Farming Cycles (Driving Up Hill In Low Gear)
Ever feel like you are continuously slogging uphill in low gear and into a head wind?
Well, this is what many farmers are experiencing with this down cycle and while it may be character building the experience is less than pleasant.
Most farmers have been in this position before and could record their own useful points on what worked and what didn't work for them.
I have now been through eight of these cycles and here are some of my thoughts:
- Make sure you know more than your bank manager does about your financial affairs. Things tend to go better if you are calling your bank manager rather than the reverse. You will need to know his or her main line and cellphone number off by heart if your debt is substantial.
- Employer personalities range from the good, bad or ugly. In a down cycle even good employers can unconsciously slip into the ugly group. If you feel yourself doing this hold your feelings and temper even if things look ugly around you.
- Don't turn the light off when things go sour – never forget that profits need managing but losses manage themselves.
- Keep going to your children's netball and rugby. Many years ago I spent three years trouble shooting and going down farming couples driveways for banks and stock firms. This pull-back from attending family sports events, usually by Dad, was noticeable.
- If your spouse does not like the business plan then pause, reflect and regroup and work it through over a long weekend.
- You need to lead your team and if everybody is not facing north with you then you need to know why. A downturn is a time for small steps and peace and harmony with the plan – save your wars until you are in profit and have options.
- Don't throw away those old diaries – sometimes key data, numbers, people and events can add value to a headache. Past decisions that worked well previously can have their place in a new down cycle.
- Your children's education cannot go up and down like your business cycles and needs to remain steady. There is nothing wrong with children having a $25,000 - $30,000 student loan upon completion of their education and you can always help them repay it when your financial tide turns.
- Don't swear at your spouse, family and employees just because you are under financial pressure – people never forget being sworn at.
- Don't fight, don't argue and don't shout - negotiate instead. This is hard to do when you are annoyed but you are running a big business and don't downgrade it and yourself by blowing to bits like this.
- Leave your "iron disease" – vehicles and plant desires - in the dealer’s yard. Stop looking, thinking and talking about them.
- Listen to the crackerjacks in your sector and in a down cycle learn from their previous pain.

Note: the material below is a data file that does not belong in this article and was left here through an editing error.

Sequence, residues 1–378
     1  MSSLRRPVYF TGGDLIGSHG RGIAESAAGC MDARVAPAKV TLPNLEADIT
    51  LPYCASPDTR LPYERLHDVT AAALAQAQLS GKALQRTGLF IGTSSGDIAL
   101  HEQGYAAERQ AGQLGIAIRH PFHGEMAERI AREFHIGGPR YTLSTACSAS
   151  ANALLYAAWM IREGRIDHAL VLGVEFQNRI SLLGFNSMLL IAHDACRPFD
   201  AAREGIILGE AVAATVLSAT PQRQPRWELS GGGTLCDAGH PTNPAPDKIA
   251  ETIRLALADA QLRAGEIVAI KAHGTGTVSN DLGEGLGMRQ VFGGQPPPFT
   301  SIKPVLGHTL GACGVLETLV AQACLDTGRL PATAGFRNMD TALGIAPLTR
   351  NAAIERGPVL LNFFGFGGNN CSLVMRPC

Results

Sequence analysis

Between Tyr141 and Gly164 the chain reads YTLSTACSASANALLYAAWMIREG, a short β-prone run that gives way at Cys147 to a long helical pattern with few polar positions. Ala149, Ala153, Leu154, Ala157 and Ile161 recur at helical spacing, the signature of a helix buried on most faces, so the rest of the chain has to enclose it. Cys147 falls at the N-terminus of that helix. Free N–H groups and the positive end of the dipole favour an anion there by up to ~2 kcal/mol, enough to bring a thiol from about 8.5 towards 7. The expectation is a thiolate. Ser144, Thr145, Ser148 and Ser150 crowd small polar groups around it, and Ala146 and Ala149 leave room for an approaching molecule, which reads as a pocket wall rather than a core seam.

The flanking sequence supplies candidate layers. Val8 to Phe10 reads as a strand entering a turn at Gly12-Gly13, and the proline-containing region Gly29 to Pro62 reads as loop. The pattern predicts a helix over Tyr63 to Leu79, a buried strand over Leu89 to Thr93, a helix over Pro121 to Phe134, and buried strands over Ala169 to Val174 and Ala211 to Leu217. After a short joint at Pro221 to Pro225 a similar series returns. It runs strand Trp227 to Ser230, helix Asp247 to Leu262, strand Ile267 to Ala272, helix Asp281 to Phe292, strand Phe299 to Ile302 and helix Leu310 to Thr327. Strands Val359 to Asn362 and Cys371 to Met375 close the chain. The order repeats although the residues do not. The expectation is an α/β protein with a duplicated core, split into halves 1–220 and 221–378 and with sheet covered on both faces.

- Your accountants should actively be thinking about long term tax minimisation strategies, even in a loss year. Talk to them about it.
- At the moment with losses and deferred fertiliser expenditure being carried forward you won't be in the mood to think about income taxes because you won't be paying anything or little. However, when your financial tide turns these losses and tax control issues will be worth their weight in gold – many of you may pay no income tax for some years and this will speed up your recovery considerably.
- Historically the peaks and troughs of these cycles seem to be about five or six years apart yet at their bottom we struggle to see a way out.
- Complicated things in a down cycle tend to be trouble so try to keep them simple.
- Your honesty, integrity and sincerity are not for sale at any price regardless of where you are on your business cycle.
- Try not to wage war on more than one front at a time – even the strongest struggle with several wars going on at the same time.
- Generally the people and/or organisations in a down cycle which you will have financial problems with are those with weak balance sheets.
- Sometimes attack is the best defence. Sometimes silence is the best discussion. Sometimes defence is your only tool.
- There is no halfway house with top advice.
- With financial hedging minimising your potential loss is more important than speculating for a potential profit.
- What does CFIMITYM mean in a severe business down cycle? It means cash flow is more important than your mother.
- For every imprudent borrower there is an imprudent lender.
- Often the most boring parts of your business are the most profitable.
- Your biggest on farm risk is likely your marriage falling over.
- Be viewed in your community as a preferred employer.
- If you find your advisors are difficult it may mean you have good advisors.
- Avoid the articulate incompetent – they are around, they are smart and they are breeding.
- Money certainly isn't everything but it comes second after oxygen – keep close to your business engine room particularly when times are tough.
- Most people are better emotionally at buying than selling – but cutting your losses or maximising your profits at a certain point makes for good business decision making. Sometimes extricating from part of your business is absolutely the right decision.
- The optimist is wrong as often as the pessimist but the optimist recovers from a down cycle much more quickly.
- About 20 per cent of the people you deal with are against almost everything all of the time – deal with the other 80 per cent where possible.
- When you make a mistake do something about it straight away and remember it is not the mistake but the fixing of it that makes the difference and leaves the lasting impression.
- Unless you work in demolition don't burn your bridges and keep your options open for as long as you can.
- Be ruthless with money and gracious with people. Spend time on due diligence on key issues before spending your money.
- Never forget what Winston Churchill said: 'if you are going through hell – keep going'.
Pita Alexander is a specialist farm accountant at Alexanders.